More than 'just one word', but still good advice:
There's an old joke that if you were reincarnated, you might want to come back as a polystyrene foam cup.
Why? Because they last forever. Ba-dum-bum.
Despite being made 95 percent of air, polystyrene foam's manufactured immortality has posed a problem for recycling efforts. More than 3 million tons of the durable material is produced every year in the United States, according to the U.S. Environmental Protection Agency. Very little of it is recycled.
Help may come from bacteria that have been found to eat polystyrene foam and turn it into useable plastic. This is the stuff recycling dreams are made of: Yesterday's cup could become tomorrow's plastic spoon.
....converted it into biodegradable plastic known as PHA (polyhydroxyalkanoates).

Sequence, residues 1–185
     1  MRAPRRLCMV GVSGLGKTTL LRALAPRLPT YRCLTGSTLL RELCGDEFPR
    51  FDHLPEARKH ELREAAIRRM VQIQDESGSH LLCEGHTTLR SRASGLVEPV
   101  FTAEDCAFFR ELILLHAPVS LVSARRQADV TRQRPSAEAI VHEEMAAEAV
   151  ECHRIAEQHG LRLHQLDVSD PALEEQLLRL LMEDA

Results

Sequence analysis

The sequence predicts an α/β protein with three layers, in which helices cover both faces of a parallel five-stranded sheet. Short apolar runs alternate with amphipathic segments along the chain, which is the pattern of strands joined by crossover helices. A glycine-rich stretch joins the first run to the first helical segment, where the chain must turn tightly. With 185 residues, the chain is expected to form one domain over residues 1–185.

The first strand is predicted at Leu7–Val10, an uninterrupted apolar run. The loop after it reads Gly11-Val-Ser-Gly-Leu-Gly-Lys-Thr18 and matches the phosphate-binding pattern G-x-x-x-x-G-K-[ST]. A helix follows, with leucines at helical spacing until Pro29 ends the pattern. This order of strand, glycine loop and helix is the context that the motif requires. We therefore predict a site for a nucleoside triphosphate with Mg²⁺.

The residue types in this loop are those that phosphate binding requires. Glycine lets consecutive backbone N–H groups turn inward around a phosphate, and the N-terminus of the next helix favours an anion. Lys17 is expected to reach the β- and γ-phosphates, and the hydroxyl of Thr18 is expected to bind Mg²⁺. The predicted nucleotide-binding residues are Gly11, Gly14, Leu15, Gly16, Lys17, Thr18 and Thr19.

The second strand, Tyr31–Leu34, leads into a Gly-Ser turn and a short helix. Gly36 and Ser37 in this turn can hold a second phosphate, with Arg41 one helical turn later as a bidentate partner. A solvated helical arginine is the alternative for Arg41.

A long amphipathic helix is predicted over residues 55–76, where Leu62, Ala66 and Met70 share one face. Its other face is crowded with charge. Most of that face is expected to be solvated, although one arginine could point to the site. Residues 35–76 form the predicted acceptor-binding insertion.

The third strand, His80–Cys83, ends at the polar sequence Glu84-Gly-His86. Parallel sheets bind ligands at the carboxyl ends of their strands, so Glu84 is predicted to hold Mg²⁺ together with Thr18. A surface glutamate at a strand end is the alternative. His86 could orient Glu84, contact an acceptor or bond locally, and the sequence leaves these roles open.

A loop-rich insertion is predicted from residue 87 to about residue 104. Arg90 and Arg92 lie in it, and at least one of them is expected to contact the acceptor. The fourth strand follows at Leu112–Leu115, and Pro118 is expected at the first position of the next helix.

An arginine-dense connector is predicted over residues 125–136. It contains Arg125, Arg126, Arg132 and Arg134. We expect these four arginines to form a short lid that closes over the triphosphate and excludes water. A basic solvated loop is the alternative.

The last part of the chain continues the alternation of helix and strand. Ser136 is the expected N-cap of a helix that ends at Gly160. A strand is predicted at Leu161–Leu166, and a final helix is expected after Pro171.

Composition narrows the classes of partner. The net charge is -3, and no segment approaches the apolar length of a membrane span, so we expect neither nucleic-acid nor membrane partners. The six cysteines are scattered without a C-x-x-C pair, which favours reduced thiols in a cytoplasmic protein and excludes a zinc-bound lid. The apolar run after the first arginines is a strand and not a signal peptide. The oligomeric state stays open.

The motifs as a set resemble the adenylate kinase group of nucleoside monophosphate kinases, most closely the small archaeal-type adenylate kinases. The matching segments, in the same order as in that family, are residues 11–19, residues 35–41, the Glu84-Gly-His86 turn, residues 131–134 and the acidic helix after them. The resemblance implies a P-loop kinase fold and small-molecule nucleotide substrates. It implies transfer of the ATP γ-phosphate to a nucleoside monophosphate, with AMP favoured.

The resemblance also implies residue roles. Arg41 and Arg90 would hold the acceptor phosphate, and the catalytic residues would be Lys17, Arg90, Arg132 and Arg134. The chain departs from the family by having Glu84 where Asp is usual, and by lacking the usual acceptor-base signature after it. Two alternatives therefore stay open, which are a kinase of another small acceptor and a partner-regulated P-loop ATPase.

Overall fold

PHA can be used to make plastic forks and packaging film. It is resistant to heat, grease and oil. It also lasts a long time. But unlike polystyrene foam, PHA biodegrades in soil and water.
Which is of interest to the cruise ship industry and the US Navy:
A biodegradable plastic that dissolves into nontoxic components in seawater could make it environmentally safe to ditch "disposable" forks, spoons, wraps and other such waste overboard from ships to free up valuable space.
....Cruise liners, naval warships and other vessels generate huge volumes of plastic trash, such as stretch wrap for large cargo items, food containers and eating utensils. This junk often remains onboard for long spans of time until ships make port. Simply dumping such junk overboard is hazardous because conventional plastics can take years to break down and may result in toxic byproducts.
When exposed to seawater, the new plastics can dissolve in as few as 20 days.